“To produce organic fertilizer from the raw chicken manure requires too much effort, time, labor and energy costs,” Yilmaz says. “The selling price of the fertilizer is much lower than the cost of manufacturing.” Furthermore, Yilmaz says, the fertilizer is sold seasonally, so the product could be stored on-site for more than eight months. “Storing such an amount of manure close to the farmhouses also creates a very risky situation for the biosecurity of the farm,” he says. As a result, Güres began investigating other options. 

With more than 50 years of experience, Güres has extensive knowledge of not just egg production, but also manure handling. The first and most important step in finding a better way to utilize its 500 tons of chicken manure a day was to define what type of system is the most convenient, feasible way to handle manure, Yilmaz says. “We did a deep research, literature review and investigation on both commercial and noncommercial systems around the world including gasification, pyrolysis, biogas, combustion and fermentation systems,” he says. “After we compared the advantages and disadvantages of all those systems, we decided on combustion.”

Enter Turboden
Turboden is an Italian firm and European leader in the design and production of ORC systems. Since 2013, the company has been part of Mitsubishi Heavy Industries. The company has built more than 355 plants in 38 countries, mostly concentrated in Europe—in particular, Austria, Germany and Italy, due to favorable policies and incentives for renewable energy and biomass cogeneration technology Turboden provides.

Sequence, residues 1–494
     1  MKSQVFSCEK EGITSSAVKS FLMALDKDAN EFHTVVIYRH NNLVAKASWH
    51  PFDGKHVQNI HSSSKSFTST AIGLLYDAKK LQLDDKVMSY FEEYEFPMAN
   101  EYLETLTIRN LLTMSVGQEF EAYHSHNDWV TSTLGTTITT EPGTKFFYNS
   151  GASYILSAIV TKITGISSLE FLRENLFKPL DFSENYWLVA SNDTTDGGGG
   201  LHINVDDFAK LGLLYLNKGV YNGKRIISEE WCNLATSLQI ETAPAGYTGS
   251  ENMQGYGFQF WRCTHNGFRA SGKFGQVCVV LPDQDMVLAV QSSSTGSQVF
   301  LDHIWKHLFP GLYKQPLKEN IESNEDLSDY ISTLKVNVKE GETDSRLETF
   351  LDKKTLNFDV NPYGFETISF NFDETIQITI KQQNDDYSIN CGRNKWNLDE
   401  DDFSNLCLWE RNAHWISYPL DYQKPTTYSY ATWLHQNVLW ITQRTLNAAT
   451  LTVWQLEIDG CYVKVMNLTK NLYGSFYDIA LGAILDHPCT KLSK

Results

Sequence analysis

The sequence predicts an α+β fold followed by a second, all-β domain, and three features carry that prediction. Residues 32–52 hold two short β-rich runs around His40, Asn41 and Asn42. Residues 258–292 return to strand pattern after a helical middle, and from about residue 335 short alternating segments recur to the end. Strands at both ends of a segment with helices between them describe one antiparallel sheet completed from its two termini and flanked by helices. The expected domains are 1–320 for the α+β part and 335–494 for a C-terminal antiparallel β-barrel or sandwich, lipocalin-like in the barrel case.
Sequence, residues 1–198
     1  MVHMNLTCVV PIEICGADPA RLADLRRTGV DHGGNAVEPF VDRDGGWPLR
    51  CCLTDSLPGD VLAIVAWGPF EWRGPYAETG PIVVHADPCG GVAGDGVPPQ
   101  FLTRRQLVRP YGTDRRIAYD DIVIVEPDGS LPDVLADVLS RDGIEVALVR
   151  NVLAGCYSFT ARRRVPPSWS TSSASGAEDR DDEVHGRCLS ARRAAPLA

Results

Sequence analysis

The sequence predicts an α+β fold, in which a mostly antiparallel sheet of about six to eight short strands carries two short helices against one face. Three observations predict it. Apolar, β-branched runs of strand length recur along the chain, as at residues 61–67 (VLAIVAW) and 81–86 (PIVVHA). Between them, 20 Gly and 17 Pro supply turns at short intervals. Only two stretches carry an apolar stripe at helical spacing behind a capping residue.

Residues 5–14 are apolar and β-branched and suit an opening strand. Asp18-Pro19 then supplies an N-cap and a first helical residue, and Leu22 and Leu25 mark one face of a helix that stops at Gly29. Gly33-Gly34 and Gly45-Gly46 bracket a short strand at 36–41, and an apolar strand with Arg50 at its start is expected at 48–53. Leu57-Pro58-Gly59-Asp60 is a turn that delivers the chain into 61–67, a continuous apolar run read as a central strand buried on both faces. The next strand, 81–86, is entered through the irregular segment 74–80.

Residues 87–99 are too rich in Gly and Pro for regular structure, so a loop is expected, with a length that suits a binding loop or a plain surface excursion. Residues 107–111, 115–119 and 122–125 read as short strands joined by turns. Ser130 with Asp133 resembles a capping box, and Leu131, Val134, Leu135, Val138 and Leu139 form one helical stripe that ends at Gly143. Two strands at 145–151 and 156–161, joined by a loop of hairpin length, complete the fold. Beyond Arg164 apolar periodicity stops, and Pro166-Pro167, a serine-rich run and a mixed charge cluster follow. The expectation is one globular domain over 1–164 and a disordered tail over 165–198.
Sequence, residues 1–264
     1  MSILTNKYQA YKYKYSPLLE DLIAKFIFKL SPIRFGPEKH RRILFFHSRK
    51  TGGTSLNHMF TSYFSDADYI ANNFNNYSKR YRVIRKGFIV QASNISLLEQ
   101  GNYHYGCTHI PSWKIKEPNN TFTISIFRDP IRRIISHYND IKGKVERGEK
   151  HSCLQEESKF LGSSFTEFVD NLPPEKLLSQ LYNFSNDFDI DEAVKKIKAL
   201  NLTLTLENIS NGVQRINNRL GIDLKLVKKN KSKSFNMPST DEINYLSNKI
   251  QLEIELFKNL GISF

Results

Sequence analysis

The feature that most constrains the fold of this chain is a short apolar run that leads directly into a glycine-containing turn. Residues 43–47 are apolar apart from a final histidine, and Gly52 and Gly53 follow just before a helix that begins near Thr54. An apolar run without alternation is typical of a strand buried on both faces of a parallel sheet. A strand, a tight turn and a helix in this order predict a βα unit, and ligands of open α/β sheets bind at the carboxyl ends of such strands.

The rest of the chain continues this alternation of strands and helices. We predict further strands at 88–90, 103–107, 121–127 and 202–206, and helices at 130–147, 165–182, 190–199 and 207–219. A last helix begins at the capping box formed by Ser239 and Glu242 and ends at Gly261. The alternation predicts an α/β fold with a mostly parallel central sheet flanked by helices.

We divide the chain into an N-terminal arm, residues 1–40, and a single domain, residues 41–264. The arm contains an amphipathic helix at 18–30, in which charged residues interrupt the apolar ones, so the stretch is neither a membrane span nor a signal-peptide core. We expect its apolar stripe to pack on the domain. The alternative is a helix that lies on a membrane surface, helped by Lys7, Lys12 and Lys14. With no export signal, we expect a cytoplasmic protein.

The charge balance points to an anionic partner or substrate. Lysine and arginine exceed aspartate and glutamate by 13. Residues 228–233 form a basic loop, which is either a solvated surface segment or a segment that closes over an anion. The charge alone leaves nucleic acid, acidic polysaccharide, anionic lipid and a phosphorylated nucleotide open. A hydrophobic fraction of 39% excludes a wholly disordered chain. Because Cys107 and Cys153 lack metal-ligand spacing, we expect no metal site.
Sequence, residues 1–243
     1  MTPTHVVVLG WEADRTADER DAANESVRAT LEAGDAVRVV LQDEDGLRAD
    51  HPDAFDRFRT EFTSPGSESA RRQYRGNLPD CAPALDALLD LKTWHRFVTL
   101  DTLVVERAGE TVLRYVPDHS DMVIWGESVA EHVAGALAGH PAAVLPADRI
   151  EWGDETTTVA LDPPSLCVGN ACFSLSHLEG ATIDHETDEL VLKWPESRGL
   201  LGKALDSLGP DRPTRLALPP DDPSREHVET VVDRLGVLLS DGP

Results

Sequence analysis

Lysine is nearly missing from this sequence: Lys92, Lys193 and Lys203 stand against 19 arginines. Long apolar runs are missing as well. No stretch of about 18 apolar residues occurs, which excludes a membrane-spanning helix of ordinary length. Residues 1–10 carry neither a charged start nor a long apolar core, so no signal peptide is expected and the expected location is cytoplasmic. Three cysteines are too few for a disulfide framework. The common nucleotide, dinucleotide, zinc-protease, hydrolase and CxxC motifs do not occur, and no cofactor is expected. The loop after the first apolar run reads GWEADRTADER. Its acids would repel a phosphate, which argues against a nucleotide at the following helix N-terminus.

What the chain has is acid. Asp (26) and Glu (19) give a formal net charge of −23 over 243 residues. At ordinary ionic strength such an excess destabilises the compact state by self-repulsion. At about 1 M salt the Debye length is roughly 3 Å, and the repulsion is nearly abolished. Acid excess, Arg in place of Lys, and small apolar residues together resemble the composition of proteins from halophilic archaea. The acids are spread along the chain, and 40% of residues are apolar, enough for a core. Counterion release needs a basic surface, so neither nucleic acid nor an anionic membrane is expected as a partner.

“In Turkey, we currently have 11 turbines, five of which are in operation with the remaining under construction,” says Filippo Vescovo, deputy manager of Turboden’s local company, Turboden Turkey. Vescovo is also responsible for all nongeothermal sales activities for Turboden in Turkey.

The first commercial plant delivered by Turboden was a biomass plant sold in 1997 in Switzerland. Before then, Turboden developed several pilot plants for research projects. Vescovo says since then, Turboden has constantly been improving its technology, thanks to its extensive R&D work, by developing larger size ranges, higher efficiency systems, improved plant reliability, new fields of applications and new working fluids. 

Turboden’s technology works by either combusting, or gasifying and combusting, the biomass to produce hot gases. The heat contained in the gases is then transferred to the ORC system by using a closed thermal oil loop, Vescovo explains. The ORC system, a closed thermodynamic Rankine cycle based on an organic fluid, which, as Vescovo says, is used in place of water, transforms the input heat into electrical power and heat at lower enthalpy—a thermodynamic quantity equivalent to the total heat content of a system. “The heart of the system is the ORC turbine,” Vescovo says, “which feeds with mechanical power a generator for the production of electric power. After the turbine, the excess heat contained in the organic fluid is dissipated through air coolers, or used to produce hot water or steam for cogeneration purposes.”

Vescovo says the ORC system could be compared to the steam Rankine cycle. “The main difference,” he says, “is the type of working fluid used, which is water in steam turbines and an organic fluid in ORC systems.” Working with an organic fluid in place of water means variation in terms of the thermodynamic cycle and, therefore, in the design of the equipment, giving way to four main differences.